Desktops as a Service, or DaaS, have been around for about a decade and have, for the most part, underperformed against expectations. Some analysts believe that this all changed in 2020, when the coronavirus pandemic shone the light on DaaS's virtues, and companies around the world began turning to it to ease remote work.
So is 2021 the year DaaS definitively establishes its utility in the enterprise? It may be poised to take advantage of the circumstances that have stretched IT pros to figure out how to provision and support a workforce whose machines they can't ever lay hands on.
Defining Desktops as a Service
DaaS takes the end-user desktop environment and turns it into a cloud-hosted service. Those environments are provisioned with an operating system like Windows 10 and can run the same productivity applications that employees would use on a traditional PC. Workers log into their DaaS workstations over the internet, typically via a web browser that makes DaaS environments as easy to access as any website.
In this way, DaaS allows businesses to ditch physical workstations. Because employees' desktop environments are hosted in the cloud, they have anywhere, anytime access to business apps and data. DaaS also eliminates security concerns around virtual private networks (VPNs) and Remote Desktop Protocol (RDP) servers, allows for remote troubleshooting of desktop problems, and provides a simple process for spinning up new desktop environments.
DaaS is similar to so-called virtual desktop infrastructure, or VDI, which is another way to make desktop environments available to remote users. However, VDI typically involves using a local server (such as a Windows 2019 Server) to serve desktop sessions to users within the same local facility. In other words, there is no cloud involved. VDI can also be used to serve individual applications instead of a full desktop environment over the network, a practice that is less common – albeit theoretically possible – when using DaaS.
COVID and the Resurgence of Desktops as a Service
DaaS is not a new idea. Platforms like Amazon WorkSpaces, the DaaS solution in the AWS cloud, have been around for the better part of a decade. More generally, the idea of serving desktop environments over the network harkens back to the 1980s, when what would eventually become known as thin clients came into vogue.
Some analysts believe DaaS is on the verge of making much larger inroads in the cloud computing market. Gartner expects DaaS's revenue nearly to double between 2019 and 2020 and pins DaaS as the fastest-growing segment of the cloud ecosystem at present.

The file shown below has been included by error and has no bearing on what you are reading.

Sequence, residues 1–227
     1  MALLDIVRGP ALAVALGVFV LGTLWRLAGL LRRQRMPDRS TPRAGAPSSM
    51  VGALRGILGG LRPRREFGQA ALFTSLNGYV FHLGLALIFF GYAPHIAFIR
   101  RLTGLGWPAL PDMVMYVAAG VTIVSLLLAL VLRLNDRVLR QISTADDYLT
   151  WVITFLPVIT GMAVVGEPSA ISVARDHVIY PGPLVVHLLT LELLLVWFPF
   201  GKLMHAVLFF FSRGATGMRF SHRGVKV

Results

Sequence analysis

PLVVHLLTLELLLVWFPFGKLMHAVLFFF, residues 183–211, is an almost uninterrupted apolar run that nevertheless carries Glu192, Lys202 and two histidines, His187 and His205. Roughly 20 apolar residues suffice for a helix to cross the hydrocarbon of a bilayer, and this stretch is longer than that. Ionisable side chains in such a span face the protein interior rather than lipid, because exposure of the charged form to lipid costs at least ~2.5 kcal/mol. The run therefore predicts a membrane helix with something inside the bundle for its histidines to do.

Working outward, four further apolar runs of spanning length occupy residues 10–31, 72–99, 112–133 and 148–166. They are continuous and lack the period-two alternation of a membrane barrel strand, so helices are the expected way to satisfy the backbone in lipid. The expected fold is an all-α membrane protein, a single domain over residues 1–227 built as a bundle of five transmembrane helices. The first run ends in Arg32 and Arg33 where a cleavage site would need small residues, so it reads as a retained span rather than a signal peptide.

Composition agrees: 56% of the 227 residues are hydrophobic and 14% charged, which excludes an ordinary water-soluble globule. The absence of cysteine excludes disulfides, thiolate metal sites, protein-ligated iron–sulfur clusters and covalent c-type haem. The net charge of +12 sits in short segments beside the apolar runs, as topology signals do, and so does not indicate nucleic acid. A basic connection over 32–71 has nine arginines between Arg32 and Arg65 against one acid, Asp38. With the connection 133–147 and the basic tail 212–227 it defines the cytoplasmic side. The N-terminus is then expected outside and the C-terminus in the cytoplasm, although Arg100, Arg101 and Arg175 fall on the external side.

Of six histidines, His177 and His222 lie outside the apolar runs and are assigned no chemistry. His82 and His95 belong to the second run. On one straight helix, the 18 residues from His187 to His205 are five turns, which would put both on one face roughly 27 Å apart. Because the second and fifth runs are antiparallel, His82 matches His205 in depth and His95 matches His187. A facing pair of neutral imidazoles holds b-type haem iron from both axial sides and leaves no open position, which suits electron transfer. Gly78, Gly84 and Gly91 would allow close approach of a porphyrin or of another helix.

The major driver of this sudden increase in DaaS growth, according to Gartner and other observers and vendors in the DaaS space, is the coronavirus pandemic. The need to provide remote employees with desktops that they can access from anywhere makes DaaS an attractive solution at a time when the incidence of remote work has doubled.
In addition, as Gartner pointed out, DaaS may be attractive from a financial perspective. By allowing companies to instantly scale up or down the number of workstations they use, and by transforming workstations from a large capital expense to a lower, ongoing operating expense, DaaS provides for more flexible budgeting than do on-premises workstations. DaaS may also allow companies to reduce their dependence on full-time, in-house IT staff because having fewer on-premises, local desktops reduces the need to manage physical desktop hardware or deploy employees onsite when providing desktop support.
What's Really in Store for DaaS Adoption?
That said, heady predictions about explosive growth for the DaaS market are not new, and those from previous years never panned out. Will this time prove different?
Frantz Civil, lead engineer and founder at MobileNOC, which provides remote management solutions for IT teams, said at Interop Digital 2020, "I think it's hype."
That's not to say that desktops as a service won't see any rise in popularity. The solution "makes more sense for a startup where you have five or seven users" and can spin up a handful of cloud-based workstations for them, Civil said. But for the Fortune 500 companies that are responsible for the lion's share of spending on cloud services, DaaS adoption is not likely to match the hype anytime soon, simply because those companies can't convert to a DaaS infrastructure model overnight.
One key hindrance is that, even if you move your workers' desktop environments into the cloud, they still need physical devices for accessing those desktops. Although an enterprise could request its employees make their personal machines available for installing the DaaS client, that presents a range of security and logistics headaches.
Alternately, an enterprise can supply employees with devices for logging into its DaaS service. But then the IT staff still has physical hardware to purchase and maintain, thus perpetuating the management and budgetary challenges that come with them. Another key hardware-centric hindrance: Companies that already own Windows servers may prefer to use those machines to serve remote desktop sessions, rather than spend more money in cloud-based alternatives.
Yet an enterprise that already has its hardware in the hands of its employees and has a robust support client can decide to shift its resources to DaaS and eliminate some of the hassle of desktop support. As we continue in a workplace that has normalized remote work and is now moving to ensure that its IT pros are able to provide security and support to systems they may never actually set up in person, it seems likely that desktops as a service will experience some growth over the coming year. Look for smaller companies that are not already heavily invested in conventional desktop infrastructure and can easily migrate to DaaS to lead the way – but don't count out larger enterprises finding DaaS to be a creative solution to a number of provisioning and support issues.